Katherine knew it was wrong that African Americans didn't have the same rights as others--as wrong as 5+5=12. She knew it was wrong that people thought women could only be teachers or nurses--as wrong as 10-5=3. And she proved everyone wrong by zooming ahead of her classmates, starting college at fifteen, and eventually joining NASA, where her calculations helped pioneer America's first manned flight into space, its first manned orbit of Earth, and the world's first trip to the moon!
Award-winning author Suzanne Slade and debut artist Veronica Miller Jamison tell the story of a NASA computer in this smartly written, charmingly illustrated biography.
Author: Suzanne Slade
Publisher: Little, Brown Books for Young Readers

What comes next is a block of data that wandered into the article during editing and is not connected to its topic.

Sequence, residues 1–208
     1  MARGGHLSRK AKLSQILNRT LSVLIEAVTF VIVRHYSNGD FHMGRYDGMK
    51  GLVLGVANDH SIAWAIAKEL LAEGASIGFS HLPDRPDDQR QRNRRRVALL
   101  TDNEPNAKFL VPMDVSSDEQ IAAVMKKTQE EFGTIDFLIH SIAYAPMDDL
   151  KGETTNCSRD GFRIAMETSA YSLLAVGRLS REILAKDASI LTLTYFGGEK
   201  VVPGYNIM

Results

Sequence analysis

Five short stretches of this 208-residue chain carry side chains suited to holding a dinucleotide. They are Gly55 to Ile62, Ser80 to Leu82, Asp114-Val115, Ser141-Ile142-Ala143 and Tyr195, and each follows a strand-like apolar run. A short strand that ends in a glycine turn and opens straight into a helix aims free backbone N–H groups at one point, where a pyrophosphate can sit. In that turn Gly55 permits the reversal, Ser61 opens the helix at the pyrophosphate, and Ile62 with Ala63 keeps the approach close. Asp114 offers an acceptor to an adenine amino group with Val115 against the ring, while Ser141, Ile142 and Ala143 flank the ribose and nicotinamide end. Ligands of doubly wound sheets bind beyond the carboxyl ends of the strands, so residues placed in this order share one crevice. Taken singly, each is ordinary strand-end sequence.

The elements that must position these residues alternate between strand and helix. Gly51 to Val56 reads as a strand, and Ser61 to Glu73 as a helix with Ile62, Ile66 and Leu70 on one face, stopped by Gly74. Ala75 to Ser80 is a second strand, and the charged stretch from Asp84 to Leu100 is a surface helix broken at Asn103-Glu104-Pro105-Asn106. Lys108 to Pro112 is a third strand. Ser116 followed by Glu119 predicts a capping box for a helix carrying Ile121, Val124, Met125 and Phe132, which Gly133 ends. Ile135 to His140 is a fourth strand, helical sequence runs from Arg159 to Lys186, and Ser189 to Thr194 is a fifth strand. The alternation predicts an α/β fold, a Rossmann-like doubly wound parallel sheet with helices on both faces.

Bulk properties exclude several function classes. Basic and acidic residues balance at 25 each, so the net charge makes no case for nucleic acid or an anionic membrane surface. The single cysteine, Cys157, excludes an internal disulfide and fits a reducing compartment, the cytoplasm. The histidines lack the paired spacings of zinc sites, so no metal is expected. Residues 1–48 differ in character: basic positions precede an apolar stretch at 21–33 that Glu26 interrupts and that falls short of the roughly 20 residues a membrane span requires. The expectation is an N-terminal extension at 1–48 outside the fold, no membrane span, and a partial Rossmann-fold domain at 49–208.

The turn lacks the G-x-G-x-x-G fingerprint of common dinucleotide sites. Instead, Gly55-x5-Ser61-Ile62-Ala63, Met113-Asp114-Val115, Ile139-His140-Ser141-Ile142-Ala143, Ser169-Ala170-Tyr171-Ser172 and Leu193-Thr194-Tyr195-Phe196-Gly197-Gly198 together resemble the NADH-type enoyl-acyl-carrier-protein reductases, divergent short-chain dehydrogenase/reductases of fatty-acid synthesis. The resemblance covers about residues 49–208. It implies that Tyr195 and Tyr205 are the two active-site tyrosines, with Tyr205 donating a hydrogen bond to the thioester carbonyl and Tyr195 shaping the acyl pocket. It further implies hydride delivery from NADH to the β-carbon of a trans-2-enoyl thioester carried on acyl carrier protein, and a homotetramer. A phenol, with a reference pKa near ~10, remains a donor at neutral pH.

Binding Type: Hardcover
Size: 10.10h x 10.20w x 0.50d
Audience: Ages 9-12
Reading Level: 4.3
Point Value: 0.5
Interest Level: Lower Grade
Quiz #/Name: 504022 / Computer Called Katherine: How Katherine Johnson Helped Put America on the Moon
Kirkus Reviews 12/01/2018 pg. 163
School Library Journal 12/21/2018 pg. 73
Publishers Weekly 01/07/2019
Booklist 02/01/2019 pg. 69
Horn Book Magazine 07/01/2019 pg. 149
Hornbook Guide to Children 07/01/2019 - Superior,Well Above Average
About the Author
Suzanne Slade holds a mechanical engineering degree and worked on NASA's Delta IV rockets. Her recent titles include The Inventor's Secret, Friends for Freedom, With Books and Bricks, and Climbing Lincoln's Steps. She lives in Illinois, and she invites you to visit her online at suzanneslade.com.
Veronica Miller Jamison is an illustrator whose clients include Essence Magazine, Bloomingdales, and Hallmark. A Computer Called Katherine is her debut picture book. She is an alumna of Howard University and Drexel University, and she lives outside Philadelphia. She invites you to visit her online at veronicamarche.com.